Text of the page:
The New Mexico relief package provides $300 million in grants for small businesses, $15 million in emergency housing assistance, $5 million in emergency food bank assistance, $5 million in assistance for low-income residents who “did not receive an ‘economic impact payment’ from the federal government,” as well as one-time supplemental payments of $1,200 to each of the almost 140,000 New Mexicans receiving unemployment benefits.

“This money will go directly back into the economy,” New Mexico Department of Workforce Solutions Secretary Bill McCamley said of the $1,200 supplemental payments. “The people that have unemployment claims, it goes back out to rent, buy groceries, utilities, pay for child care — the things we talk about all the time.”

“We must remain vigilant in our fight against the virus,” Lujan Grisham said in a statement when she signed the relief bill into law. “We must continue to evaluate how we can get more assistance to more New Mexicans who need it in this time of crisis.”

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Reynolds also called for continued vigilance during her news conference on Tuesday. The governor said she found recent trends in virus activity in the state to be “reassuring,” but added, “we’re not out of the woods yet.”

“Now is not the time to let up on the efforts [to limit the spread of the virus],” Reynolds said. “So, I’m just asking Iowans to continue to do the right thing like you have been.”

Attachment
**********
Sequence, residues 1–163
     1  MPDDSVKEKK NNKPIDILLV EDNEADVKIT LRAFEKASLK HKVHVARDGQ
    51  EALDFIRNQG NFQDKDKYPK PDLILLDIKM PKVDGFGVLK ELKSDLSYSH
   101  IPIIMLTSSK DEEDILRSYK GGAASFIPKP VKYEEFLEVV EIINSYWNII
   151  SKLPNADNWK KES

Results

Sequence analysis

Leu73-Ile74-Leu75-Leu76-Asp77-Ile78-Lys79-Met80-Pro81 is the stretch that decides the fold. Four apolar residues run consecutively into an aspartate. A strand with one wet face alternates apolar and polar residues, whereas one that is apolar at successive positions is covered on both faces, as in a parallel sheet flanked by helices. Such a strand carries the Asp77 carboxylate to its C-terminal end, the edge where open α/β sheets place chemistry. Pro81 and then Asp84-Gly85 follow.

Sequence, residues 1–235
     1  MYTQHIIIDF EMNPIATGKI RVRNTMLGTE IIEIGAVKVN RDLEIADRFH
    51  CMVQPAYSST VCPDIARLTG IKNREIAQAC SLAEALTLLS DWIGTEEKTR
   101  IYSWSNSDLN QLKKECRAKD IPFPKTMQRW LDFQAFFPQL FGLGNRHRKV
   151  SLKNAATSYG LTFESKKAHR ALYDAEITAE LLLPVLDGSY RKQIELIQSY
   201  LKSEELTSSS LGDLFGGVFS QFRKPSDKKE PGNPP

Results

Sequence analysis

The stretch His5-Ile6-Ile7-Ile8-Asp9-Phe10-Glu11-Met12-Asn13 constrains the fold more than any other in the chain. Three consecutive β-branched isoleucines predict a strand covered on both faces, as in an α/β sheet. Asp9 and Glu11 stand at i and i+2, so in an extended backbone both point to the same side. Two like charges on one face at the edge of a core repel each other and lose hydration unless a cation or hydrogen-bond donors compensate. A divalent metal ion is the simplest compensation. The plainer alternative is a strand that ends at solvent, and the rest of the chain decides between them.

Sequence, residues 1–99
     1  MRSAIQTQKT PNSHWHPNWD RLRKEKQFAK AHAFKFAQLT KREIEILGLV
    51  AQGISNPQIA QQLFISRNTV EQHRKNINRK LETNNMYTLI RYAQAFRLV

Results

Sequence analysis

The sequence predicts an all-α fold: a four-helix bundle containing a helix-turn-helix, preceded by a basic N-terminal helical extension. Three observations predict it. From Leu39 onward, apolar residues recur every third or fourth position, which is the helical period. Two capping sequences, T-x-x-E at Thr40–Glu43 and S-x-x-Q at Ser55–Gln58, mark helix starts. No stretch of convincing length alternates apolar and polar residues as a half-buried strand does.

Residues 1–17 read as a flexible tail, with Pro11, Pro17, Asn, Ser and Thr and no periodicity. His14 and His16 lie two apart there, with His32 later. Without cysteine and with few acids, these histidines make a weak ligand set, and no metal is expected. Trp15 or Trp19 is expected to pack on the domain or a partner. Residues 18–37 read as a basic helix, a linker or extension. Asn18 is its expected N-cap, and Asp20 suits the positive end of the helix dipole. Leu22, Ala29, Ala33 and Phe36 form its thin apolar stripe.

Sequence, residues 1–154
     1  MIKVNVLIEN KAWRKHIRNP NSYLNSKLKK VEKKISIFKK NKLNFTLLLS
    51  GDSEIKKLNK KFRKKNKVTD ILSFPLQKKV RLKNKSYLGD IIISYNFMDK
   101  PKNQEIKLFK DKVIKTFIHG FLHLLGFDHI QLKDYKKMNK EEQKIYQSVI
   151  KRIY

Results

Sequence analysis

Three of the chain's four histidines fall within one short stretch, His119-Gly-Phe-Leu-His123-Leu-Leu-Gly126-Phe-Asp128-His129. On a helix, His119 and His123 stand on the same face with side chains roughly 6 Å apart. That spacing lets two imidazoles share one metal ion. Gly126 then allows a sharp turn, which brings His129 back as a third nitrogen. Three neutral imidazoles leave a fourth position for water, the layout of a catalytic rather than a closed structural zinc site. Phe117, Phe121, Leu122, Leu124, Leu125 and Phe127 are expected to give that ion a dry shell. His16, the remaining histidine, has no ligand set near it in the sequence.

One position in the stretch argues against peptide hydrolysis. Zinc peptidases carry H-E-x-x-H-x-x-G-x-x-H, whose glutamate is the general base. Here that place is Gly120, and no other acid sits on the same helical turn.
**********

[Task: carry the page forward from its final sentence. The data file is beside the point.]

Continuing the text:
Between 10 a.m. on Monday and 10 a.m. on Tuesday, the Iowa Department of Public Health reported another 24 Iowans had died from the virus, including a resident of Linn County. It was the fifth time in the last seven days IDPH has reported more than 20 deaths in a 24-hour period, and brought the state’s COVID-19 death toll to 2,427.

The number of hospitalized COVID-19 patients reported by IDPH increased on Tuesday, with 1,172 confirmed cases in hospitals, 10 more patients than the department reported on Monday; 129 of those patients had been admitted during the preceding 24 hours, and 235 of them were being treated in intensive care units.

The surge in COVID-19 outbreaks in Iowa’s long-term care facilities continued on Tuesday, with a record-setting 162 facilities reporting ongoing outbreaks.

Overall, IDPH reported another 1,906 Iowans had tested positive during the 24-hour period ending at 10 a.m. on Tuesday. The new cases increased the total number of Iowans who tested positive for the virus to 230,902.

At the county level, 80 residents of Johnson County were confirmed as having COVID-19 during that time period, according to IDPH. But in Linn County, the department reported 18 fewer cases on Tuesday morning than it did on Monday morning.

Previously, IDPH has reduced the cases totals for a county when it discovered the information for new cases, such as a person’s county of residence, had originally been misreported. Little Village emailed IDPH to ask why Linn County’s total had been reduced, and how many cases had been removed from the total.

A departmental spokesperson replied, saying she would work on getting answers to the questions, but had not provided those answers before IDPH’s offices closed for the day.